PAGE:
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Mark Stangeland - NUFlyGuide
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Old is Good

Posted by Mark Sunday, August 11, 2013

  I have been slowly gravitating back to many of the patterns that were fished in the past on the river. The simple hair wing designs and colors of many of these old school patterns are as effective as any steelhead fly known. Often times on pressured fish, a pattern such as one of the three listed below is just the ticket to get a fish to grab. The fish on the North see a lot of the same style flies doing the same thing, day after day. Think about showing the fish something different every once in awhile. Check them out......

A recluse named "Umpqua" Vic O'Byrne had established a camp a few miles upstream from Steamboat, across the river from an old, abandoned fish hatchery. The spot was known as Hatchery Ford, because it was one of the few places where a pack train of horses and mules could cross the river. O'Byrne built a cabin and fished for salmon and steelhead in grand solitude. He was reputed to have been a military man before he "took to the wilds." He later drowned in what some considered mysterious circumstances, since his glasses and other personal effects were found laid out neatly on his cabin table after his body was recovered from the river downstream. He holds a place in the rivers history and was responsible for one of the many great fly patterns that came out of those early days, the Umpqua Special.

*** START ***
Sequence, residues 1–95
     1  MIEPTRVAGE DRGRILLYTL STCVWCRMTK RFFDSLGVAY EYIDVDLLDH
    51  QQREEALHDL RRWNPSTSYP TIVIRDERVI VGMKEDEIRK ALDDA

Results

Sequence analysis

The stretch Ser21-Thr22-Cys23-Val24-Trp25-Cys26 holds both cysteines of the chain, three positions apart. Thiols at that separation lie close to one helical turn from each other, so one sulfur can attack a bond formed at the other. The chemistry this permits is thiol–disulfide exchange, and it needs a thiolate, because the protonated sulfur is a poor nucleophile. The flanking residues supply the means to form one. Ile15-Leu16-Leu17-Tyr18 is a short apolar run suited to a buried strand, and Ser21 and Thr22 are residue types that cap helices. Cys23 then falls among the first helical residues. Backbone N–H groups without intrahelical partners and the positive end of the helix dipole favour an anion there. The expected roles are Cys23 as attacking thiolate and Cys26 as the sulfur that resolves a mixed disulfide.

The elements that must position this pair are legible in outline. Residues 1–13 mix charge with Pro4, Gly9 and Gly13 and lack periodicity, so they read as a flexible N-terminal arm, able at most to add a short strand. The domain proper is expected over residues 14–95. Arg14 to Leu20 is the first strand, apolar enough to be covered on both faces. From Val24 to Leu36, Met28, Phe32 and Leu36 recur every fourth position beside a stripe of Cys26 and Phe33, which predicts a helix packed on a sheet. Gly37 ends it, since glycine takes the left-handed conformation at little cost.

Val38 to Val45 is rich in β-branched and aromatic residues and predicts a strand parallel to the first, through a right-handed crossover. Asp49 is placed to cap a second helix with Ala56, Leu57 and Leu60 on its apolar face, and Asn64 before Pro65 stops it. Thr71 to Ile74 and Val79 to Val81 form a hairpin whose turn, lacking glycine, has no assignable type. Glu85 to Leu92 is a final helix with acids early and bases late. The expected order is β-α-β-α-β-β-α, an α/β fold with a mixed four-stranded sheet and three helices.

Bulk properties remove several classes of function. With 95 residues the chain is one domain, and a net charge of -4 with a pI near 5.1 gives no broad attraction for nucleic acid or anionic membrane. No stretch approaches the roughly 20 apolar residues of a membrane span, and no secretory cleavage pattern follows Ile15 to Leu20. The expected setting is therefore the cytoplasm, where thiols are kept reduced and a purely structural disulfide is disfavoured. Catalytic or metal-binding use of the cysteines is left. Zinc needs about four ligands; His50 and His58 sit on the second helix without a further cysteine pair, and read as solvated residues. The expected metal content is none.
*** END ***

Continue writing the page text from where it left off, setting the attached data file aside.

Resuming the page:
Vic O'byrnes Umpqua Speacial

The Purple Peril, was developed by Ken McLeod in the 1940's. Ken was a Pacific Northwest Steelhead man of great acclaim.  Though Ken was from Washington state and this pattern was largely fished up there in the beginning, it didn't take long for this fly to reach the NU and has become a successful pattern everywhere it was fished. It has long been a staple pattern on the North Umpqua. This pattern works best in clear water situations where its subtle contrasting colors work their magic best.

Ken Mcleod's Purple Peril    

This is an oldie but a goodie. The Black Gordon was first tied in the mid 1930s by Clarence Gordon for fishing the North Umpqua. Gordon was a guide and lodge manager on the North Umpqua.

Clarence Gordon's Black Gordon



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